Do We Lutherans Need To Move Beyond The Cross; Is Our Cross Theology Too Narrow?

Many Christians regard Lutherans as being very one-sided or narrow in their theology. The accusation is that we Lutherans shrink the church year together into Good Friday. In other words, Lutherans are often blamed for making every day Good Friday, while ignoring the other major themes of the church year.  We are accused of failing to move beyond the cross to the resurrection.  A recent comment from a reader on my personal blogPM Notes captures the concern well,  “All too often evangelicals across the board focus exclusively on Christ’s death and not near enough (if any) on his resurrection. The power of the gospel is that Christ ROSE from the dead; it’s our future hope to rise as well!” Hermann Sasse in his book We Confess also addresses these criticisms towards Lutherans.  He states that we are accused of only focusing on the cross, only one fact among others in the Second Article of the Apostle’s Creed.
“What a constriction of Christian truth Luther has been guilty of!  How can true Christian theology be limited to a theology of the cross, as if there were not also a theology of the resurrection…?”[1]
So, what shall be our response?  Is the choice between the cross and the resurrection?  Are we only faced with two options, the cross and the rest of the Bible’s doctrines?  If so, should we fight for the cross at the expense of diminishing other Biblical themes?  Should we simply loosen up our passion for Luther’s theologia crucis?  Thankfully the choice is not between the cross and other Biblical themes, for this would be an example of an either-or logical fallacy.  The choice is not between two alternative doctrines as the only possibilities.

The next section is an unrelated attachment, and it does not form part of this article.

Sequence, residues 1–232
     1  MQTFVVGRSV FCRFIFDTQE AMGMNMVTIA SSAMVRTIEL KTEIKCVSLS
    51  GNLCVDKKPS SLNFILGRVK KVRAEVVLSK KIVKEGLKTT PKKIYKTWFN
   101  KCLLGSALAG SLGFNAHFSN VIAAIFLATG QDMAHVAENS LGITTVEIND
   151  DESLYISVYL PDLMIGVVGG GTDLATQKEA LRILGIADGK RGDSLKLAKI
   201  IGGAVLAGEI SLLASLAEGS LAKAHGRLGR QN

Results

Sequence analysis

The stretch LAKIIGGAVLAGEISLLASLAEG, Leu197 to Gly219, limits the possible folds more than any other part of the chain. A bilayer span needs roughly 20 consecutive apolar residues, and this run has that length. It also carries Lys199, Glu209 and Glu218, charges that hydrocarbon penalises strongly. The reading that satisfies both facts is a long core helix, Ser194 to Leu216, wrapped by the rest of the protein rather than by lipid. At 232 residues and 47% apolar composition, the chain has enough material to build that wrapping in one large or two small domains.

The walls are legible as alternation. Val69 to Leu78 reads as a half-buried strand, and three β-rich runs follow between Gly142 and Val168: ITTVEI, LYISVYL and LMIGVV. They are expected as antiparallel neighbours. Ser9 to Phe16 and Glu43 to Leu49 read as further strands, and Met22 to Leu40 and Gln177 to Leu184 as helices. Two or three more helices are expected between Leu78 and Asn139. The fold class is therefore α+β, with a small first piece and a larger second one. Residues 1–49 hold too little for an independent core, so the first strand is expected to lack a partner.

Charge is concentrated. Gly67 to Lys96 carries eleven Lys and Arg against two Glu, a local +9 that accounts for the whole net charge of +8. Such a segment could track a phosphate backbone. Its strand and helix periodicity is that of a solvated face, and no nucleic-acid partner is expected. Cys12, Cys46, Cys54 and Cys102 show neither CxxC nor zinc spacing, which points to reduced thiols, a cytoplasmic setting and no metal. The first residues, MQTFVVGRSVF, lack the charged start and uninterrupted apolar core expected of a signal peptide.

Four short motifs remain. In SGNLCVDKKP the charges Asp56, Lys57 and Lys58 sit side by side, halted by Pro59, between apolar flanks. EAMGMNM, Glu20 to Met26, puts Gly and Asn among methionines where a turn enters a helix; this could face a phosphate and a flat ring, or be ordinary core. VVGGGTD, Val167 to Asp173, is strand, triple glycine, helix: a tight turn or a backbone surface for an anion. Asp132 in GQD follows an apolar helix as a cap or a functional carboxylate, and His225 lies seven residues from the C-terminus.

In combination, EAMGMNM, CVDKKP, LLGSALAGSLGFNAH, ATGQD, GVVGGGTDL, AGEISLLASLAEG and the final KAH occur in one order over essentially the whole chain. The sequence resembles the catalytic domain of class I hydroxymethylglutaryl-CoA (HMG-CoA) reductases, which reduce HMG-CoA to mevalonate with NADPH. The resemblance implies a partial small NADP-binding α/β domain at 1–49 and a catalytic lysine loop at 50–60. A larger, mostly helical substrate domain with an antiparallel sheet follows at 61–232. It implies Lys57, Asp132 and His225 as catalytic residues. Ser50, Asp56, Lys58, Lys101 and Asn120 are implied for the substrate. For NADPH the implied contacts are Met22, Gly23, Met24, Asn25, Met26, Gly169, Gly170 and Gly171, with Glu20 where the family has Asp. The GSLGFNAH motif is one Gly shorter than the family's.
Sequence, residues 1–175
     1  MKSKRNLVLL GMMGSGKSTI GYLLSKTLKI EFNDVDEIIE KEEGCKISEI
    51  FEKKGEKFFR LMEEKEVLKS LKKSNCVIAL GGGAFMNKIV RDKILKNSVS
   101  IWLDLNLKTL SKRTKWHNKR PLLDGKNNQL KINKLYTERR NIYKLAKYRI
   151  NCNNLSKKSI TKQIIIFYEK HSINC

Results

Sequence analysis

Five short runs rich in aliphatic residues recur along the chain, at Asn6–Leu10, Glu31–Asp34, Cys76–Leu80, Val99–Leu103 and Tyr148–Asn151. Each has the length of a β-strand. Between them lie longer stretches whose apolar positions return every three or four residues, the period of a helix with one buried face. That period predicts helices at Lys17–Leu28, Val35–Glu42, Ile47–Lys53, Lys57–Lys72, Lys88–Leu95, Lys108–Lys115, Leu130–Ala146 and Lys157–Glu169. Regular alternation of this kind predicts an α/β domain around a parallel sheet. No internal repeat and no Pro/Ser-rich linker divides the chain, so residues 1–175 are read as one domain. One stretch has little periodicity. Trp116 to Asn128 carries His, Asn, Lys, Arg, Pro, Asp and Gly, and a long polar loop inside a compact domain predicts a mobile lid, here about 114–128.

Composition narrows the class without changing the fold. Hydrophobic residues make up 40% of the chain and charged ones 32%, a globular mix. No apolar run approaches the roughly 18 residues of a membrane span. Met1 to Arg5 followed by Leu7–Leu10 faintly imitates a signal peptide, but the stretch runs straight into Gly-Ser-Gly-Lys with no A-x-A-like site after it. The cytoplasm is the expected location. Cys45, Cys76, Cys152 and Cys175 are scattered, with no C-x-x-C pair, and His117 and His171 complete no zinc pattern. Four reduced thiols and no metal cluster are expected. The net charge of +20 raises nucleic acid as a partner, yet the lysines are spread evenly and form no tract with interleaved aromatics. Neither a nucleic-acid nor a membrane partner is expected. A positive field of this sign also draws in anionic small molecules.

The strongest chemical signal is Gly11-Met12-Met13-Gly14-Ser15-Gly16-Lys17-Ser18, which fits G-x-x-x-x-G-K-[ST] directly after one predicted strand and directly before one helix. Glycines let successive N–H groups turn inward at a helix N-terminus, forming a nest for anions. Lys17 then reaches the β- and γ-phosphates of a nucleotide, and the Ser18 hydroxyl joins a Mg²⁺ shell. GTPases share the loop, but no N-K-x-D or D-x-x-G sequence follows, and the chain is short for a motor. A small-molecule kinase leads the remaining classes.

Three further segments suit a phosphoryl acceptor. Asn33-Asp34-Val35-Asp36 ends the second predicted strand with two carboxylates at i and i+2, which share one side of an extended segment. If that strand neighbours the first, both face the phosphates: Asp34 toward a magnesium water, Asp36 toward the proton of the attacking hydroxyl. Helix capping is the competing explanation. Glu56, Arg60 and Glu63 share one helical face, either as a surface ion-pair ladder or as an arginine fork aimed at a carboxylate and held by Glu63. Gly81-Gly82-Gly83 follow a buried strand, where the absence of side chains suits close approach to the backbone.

Sasse responds to these apprehensions  saying,
“Obviously the ‘theology of the cross’ does not mean that for a theologian the church year shrinks together into nothing but Good Friday. Rather, it means that Christmas, Easter and Pentecost cannot be understood without Good Friday.”[2]
Sasse goes on to state,
“Always it is from the cross that everything is understood, because hidden in the cross is the deepest essence of God’s revelation.”[3]
What this means is that we don’t avoid the themes of Creation, the work of the Holy Spirit, the Resurrection, and so forth.  Rather, when we speak of these themes we do so with seeing the cross in the background and we do so within the shadow of the cross.  Otherwise stated, we embrace these Biblical themes, preach them, and teach them while we understand them in light of the Cross, but never apart from the Cross.

[1] Hermann Sasse, We Confess: Anthology translated by Norman Nagel (Concordia Publishing House), 38.
[2] Sasse, 39.
[3] Ibid.

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